Concentric Placement of Tibia Half Pins Reduces Risk of Stress Fractures With External Fixation
in People With Peripheral Neuropathy
Historically, surgeons have avoided using tibial half pins in circular external fixation for the fear of tibial stress fracture, a potentially devastating complication.
This is in spite of numerous studies demonstrating half pin ease of implementation, superior rigidity, and an overall risk of lower secondary complications, including superficial pin-site infection and loosening. The benefits of which are magnified when tibial half pins are combined with smooth Kirschner wires for circular external fixation.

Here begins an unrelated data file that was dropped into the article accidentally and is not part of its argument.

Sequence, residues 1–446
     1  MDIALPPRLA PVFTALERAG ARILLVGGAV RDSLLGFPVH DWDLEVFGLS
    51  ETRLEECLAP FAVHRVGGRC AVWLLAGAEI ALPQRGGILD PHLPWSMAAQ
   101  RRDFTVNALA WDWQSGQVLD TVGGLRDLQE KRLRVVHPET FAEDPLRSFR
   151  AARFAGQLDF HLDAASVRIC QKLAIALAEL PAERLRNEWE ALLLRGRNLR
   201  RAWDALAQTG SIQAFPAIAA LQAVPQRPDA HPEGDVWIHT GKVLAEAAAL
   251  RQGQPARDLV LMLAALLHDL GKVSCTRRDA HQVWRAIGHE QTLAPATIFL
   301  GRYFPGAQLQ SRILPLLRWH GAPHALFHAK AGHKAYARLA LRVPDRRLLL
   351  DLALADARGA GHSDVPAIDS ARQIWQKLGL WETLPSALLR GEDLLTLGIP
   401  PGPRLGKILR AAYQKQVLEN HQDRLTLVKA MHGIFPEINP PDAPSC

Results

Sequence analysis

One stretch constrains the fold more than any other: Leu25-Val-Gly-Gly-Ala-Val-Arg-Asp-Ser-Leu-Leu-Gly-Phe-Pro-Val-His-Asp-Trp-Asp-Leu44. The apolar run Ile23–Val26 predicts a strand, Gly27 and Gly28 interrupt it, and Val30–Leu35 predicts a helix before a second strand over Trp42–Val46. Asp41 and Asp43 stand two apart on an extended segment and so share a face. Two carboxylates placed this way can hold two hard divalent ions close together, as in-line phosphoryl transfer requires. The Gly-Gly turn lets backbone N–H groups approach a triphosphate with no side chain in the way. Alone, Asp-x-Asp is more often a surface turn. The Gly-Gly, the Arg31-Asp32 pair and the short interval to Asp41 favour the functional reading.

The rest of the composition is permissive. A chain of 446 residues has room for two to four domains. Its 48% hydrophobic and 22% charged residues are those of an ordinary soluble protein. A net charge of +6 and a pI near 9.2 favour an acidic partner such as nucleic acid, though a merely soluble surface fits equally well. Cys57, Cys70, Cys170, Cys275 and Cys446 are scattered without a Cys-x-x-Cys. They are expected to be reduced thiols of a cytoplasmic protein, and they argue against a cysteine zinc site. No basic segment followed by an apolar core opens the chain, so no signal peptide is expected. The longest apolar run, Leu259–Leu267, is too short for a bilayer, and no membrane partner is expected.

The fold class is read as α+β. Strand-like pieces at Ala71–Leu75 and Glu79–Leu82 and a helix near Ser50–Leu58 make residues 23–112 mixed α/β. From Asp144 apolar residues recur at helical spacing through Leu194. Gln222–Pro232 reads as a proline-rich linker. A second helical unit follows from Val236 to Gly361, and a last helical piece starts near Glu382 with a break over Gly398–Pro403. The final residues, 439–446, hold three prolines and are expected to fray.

Concentric versus eccentric half pin placement
In a first of its kind retrospective comparative study published in the Journal of Foot & Ankle Surgery, Wynes et al.assessed the incidence of tibia stress fracture was compared between patients who underwent bi-cortical placement of 6mm conical hydroxyapatite coated pins concentrically using a rancho-cube for “perfect circle” technique versus pins placed eccentrically. The pins were placed following placement of smooth Kirschner wires, and cortices of the tibia were avoided to lessen the incidence of stress fracture.
Overall, the rate of tibia stress fracture was significantly reduced to approximately 2% when the “perfect-circle” technique was used, compared to >18% when eccentric placement was performed.
Perhaps tibial stress fractures with half pin placement have less to do with the pins themselves and more to do with intra-operative placement.